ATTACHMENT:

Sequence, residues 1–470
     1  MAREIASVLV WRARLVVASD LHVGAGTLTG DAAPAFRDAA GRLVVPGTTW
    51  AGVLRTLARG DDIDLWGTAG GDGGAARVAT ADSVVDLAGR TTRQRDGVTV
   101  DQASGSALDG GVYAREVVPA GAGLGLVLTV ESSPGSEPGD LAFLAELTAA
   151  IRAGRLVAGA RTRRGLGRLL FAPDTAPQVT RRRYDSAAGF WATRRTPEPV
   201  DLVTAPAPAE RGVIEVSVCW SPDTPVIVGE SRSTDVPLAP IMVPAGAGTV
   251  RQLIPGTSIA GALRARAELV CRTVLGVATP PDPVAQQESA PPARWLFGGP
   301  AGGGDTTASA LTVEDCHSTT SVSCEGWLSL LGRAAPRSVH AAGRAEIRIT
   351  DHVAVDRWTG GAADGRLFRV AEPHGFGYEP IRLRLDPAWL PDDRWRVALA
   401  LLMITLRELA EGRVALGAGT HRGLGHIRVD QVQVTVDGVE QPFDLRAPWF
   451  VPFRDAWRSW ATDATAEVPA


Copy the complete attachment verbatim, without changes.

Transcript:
Sequence, residues 1–470
     1  MAREIASVLV WRARLVVASD LHVGAGTLTG DAAPAFRDAA GRLVVPGTTW
    51  AGVLRTLARG DDIDLWGTAG GDGGAARVAT ADSVVDLAGR TTRQRDGVTV
   101  DQASGSALDG GVYAREVVPA GAGLGLVLTV ESSPGSEPGD LAFLAELTAA
   151  IRAGRLVAGA RTRRGLGRLL FAPDTAPQVT RRRYDSAAGF WATRRTPEPV
   201  DLVTAPAPAE RGVIEVSVCW SPDTPVIVGE SRSTDVPLAP IMVPAGAGTV
   251  RQLIPGTSIA GALRARAELV CRTVLGVATP PDPVAQQESA PPARWLFGGP
   301  AGGGDTTASA LTVEDCHSTT SVSCEGWLSL LGRAAPRSVH AAGRAEIRIT
   351  DHVAVDRWTG GAADGRLFRV AEPHGFGYEP IRLRLDPAWL PDDRWRVALA
   401  LLMITLRELA EGRVALGAGT HRGLGHIRVD QVQVTVDGVE QPFDLRAPWF
   451  VPFRDAWRSW ATDATAEVPA